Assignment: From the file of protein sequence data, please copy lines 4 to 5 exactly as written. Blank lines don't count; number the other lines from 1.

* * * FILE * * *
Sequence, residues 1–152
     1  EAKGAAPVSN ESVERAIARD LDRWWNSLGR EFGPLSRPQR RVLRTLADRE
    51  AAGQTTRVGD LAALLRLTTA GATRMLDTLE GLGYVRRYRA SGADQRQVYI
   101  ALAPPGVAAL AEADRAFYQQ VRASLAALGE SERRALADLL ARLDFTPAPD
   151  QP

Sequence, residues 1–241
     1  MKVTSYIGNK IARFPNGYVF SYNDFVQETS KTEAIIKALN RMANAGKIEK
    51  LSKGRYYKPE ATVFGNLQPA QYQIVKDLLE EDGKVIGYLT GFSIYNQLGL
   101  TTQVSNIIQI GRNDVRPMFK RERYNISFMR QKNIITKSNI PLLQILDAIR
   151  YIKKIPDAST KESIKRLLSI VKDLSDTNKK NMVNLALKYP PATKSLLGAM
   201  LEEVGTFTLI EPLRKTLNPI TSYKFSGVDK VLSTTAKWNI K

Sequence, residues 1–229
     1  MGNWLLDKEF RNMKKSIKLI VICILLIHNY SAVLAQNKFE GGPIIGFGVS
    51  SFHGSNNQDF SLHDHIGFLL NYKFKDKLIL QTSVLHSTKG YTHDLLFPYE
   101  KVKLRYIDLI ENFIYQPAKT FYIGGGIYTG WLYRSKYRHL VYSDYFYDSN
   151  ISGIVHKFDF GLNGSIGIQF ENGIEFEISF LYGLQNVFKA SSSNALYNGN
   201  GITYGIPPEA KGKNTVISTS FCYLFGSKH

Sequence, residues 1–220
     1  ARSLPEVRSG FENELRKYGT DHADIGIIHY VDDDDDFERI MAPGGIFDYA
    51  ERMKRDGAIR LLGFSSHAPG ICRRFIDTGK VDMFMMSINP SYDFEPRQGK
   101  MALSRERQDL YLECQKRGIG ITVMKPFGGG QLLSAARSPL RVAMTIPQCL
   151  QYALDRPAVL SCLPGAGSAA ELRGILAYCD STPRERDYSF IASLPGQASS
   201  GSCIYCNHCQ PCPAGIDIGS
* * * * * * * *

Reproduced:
   101  ALAPPGVAAL AEADRAFYQQ VRASLAALGE SERRALADLL ARLDFTPAPD
   151  QP